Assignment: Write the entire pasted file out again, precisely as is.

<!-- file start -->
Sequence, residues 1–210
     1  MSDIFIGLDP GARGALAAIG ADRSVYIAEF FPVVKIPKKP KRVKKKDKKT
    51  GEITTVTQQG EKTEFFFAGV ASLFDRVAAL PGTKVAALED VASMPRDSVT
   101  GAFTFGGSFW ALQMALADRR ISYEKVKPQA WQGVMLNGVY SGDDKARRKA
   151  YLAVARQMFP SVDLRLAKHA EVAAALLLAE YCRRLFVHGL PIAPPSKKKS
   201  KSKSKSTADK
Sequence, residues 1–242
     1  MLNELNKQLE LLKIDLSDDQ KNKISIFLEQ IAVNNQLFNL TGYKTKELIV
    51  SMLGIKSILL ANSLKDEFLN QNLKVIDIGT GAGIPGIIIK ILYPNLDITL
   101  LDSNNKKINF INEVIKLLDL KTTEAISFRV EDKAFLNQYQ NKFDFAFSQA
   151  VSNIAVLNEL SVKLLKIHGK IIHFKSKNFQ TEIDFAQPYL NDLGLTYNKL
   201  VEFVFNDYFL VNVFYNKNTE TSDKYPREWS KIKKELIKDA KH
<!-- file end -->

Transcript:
Sequence, residues 1–210
     1  MSDIFIGLDP GARGALAAIG ADRSVYIAEF FPVVKIPKKP KRVKKKDKKT
    51  GEITTVTQQG EKTEFFFAGV ASLFDRVAAL PGTKVAALED VASMPRDSVT
   101  GAFTFGGSFW ALQMALADRR ISYEKVKPQA WQGVMLNGVY SGDDKARRKA
   151  YLAVARQMFP SVDLRLAKHA EVAAALLLAE YCRRLFVHGL PIAPPSKKKS
   201  KSKSKSTADK
Sequence, residues 1–242
     1  MLNELNKQLE LLKIDLSDDQ KNKISIFLEQ IAVNNQLFNL TGYKTKELIV
    51  SMLGIKSILL ANSLKDEFLN QNLKVIDIGT GAGIPGIIIK ILYPNLDITL
   101  LDSNNKKINF INEVIKLLDL KTTEAISFRV EDKAFLNQYQ NKFDFAFSQA
   151  VSNIAVLNEL SVKLLKIHGK IIHFKSKNFQ TEIDFAQPYL NDLGLTYNKL
   201  VEFVFNDYFL VNVFYNKNTE TSDKYPREWS KIKKELIKDA KH